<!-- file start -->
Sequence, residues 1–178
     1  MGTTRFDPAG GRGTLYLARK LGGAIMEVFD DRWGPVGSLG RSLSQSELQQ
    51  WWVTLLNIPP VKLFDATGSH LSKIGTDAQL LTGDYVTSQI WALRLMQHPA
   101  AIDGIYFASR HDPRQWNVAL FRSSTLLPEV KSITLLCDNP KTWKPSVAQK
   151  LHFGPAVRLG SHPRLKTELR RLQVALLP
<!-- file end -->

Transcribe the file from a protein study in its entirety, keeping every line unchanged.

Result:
Sequence, residues 1–178
     1  MGTTRFDPAG GRGTLYLARK LGGAIMEVFD DRWGPVGSLG RSLSQSELQQ
    51  WWVTLLNIPP VKLFDATGSH LSKIGTDAQL LTGDYVTSQI WALRLMQHPA
   101  AIDGIYFASR HDPRQWNVAL FRSSTLLPEV KSITLLCDNP KTWKPSVAQK
   151  LHFGPAVRLG SHPRLKTELR RLQVALLP